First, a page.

Published in 1982 and only now translated into English, Tove Jansson's novel asks the timeless question, whether it is better to be kind than to be truthful when a poor woman inveigles her way into a wealthy older woman's life.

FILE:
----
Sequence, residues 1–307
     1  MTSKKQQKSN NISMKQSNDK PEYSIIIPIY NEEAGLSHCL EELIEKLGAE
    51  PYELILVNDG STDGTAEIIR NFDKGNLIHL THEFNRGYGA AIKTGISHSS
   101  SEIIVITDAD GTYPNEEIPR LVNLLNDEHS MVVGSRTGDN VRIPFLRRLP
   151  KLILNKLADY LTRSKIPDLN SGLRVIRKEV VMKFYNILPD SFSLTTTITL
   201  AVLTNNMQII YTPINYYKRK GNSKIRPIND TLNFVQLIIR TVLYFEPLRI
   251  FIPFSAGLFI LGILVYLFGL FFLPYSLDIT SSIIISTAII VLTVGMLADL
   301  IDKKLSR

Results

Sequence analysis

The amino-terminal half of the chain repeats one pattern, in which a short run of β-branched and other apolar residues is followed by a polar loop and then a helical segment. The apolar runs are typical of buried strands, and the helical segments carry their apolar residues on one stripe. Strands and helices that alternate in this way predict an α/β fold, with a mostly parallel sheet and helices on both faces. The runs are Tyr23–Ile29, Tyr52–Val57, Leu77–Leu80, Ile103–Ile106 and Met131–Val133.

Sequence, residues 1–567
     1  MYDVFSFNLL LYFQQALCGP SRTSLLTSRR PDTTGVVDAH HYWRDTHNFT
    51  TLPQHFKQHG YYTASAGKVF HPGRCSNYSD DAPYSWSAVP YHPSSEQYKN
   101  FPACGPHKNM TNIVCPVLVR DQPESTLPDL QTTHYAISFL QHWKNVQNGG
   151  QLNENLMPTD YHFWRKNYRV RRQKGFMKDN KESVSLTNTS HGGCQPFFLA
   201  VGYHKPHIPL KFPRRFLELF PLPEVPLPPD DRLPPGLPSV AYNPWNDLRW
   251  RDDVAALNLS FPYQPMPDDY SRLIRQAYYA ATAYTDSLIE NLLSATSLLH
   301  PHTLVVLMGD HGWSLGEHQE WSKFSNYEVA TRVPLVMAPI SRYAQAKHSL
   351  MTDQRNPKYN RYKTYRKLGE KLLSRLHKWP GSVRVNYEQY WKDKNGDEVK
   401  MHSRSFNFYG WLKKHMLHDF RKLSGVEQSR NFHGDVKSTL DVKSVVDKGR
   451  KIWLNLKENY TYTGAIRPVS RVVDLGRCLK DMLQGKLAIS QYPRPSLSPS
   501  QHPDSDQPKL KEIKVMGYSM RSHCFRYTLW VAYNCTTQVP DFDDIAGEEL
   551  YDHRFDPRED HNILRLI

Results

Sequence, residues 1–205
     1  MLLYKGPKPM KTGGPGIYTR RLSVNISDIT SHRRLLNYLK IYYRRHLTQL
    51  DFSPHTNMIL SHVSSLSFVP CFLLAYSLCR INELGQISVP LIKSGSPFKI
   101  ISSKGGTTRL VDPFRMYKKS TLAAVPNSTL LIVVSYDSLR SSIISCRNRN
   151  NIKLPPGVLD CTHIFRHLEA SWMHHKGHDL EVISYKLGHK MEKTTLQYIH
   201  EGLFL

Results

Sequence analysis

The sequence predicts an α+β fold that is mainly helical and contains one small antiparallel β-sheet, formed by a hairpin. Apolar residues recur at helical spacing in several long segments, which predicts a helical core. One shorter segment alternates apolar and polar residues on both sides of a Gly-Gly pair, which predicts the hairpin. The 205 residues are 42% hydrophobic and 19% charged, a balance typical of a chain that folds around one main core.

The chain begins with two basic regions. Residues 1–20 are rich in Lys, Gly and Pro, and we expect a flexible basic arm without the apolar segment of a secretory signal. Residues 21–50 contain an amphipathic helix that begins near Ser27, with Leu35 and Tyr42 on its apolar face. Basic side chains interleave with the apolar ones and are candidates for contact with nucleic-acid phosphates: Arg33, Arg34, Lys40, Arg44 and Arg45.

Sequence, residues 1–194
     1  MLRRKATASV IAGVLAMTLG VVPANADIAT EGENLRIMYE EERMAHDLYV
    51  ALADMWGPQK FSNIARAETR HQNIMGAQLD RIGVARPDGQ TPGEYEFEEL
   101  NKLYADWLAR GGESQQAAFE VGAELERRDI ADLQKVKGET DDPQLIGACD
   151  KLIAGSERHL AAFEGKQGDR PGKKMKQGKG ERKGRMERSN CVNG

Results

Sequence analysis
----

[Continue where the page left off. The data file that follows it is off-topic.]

In literature, there are quirky novels that try hard to stand out. And then there are different novels, which come from a mind with a unique point of view and can't help but show us something new.In this sense, Tove Jansson has the advantage of being from a different time and place, born in Finland in 1914. She was best known for her Moomin comics, absurdist tales about a family of what look like upright hippos. But The True Deceiver, published in 1982 and only now translated into English, is definitely an adult novel, albeit a deceptively simple one. In it, Katri and Anna live in a seaside village, empty outside of tourist season. Katri is the town misfit, an orphan living barely above the poverty line. Anna, born into wealth, is an elderly illustrator of children's books featuring flower-printed bunnies. Using a trumped-up string of robberies as an excuse, Katri insinuates herself into Anna's life, house, and finances. Jansson's quiet writing style works because of its honesty. She deals with seemingly mundane subjects-money, irritation, petty dishonesties-to show that our everyday interactions form the basis of our philosophical view of the world. Much of the plot centers on Katri taking over Anna's accounting, not usually a topic to inspire passions, but it showcases the clash between Katri's suspicious nature and Anna's willful blindness. Throughout, Jansson weaves in a subtle suspense that leaves readers uneasy because we're never quite sure of its cause. And every time the narrative seems to be heading in a conventional direction, Jansson subtly tweaks our expectations. A novel about eccentric characters caught in a clash of class and generation could easily devolve into clich, but with Jansson, we're in the hands of a storyteller who truly has something worthwhile to say.